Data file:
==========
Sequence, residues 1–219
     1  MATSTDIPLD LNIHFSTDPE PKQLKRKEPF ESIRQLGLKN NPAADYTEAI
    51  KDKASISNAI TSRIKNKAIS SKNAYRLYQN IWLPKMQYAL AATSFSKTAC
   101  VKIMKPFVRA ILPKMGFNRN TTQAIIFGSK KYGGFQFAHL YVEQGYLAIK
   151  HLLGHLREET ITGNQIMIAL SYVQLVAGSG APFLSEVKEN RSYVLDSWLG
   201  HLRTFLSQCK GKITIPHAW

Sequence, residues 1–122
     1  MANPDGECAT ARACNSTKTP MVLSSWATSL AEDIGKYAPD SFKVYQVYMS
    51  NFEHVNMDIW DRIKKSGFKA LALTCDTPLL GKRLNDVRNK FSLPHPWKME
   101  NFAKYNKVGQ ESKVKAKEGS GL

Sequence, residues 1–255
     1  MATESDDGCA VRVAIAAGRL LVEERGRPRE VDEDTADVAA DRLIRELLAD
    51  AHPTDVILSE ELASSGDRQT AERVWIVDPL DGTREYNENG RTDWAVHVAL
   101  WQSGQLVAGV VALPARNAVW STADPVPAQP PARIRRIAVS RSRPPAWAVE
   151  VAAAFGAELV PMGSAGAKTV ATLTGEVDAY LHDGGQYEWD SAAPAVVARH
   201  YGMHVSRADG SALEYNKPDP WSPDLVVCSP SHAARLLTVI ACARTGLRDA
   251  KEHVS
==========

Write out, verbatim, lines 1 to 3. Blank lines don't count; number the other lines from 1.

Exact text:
Sequence, residues 1–219
     1  MATSTDIPLD LNIHFSTDPE PKQLKRKEPF ESIRQLGLKN NPAADYTEAI
    51  KDKASISNAI TSRIKNKAIS SKNAYRLYQN IWLPKMQYAL AATSFSKTAC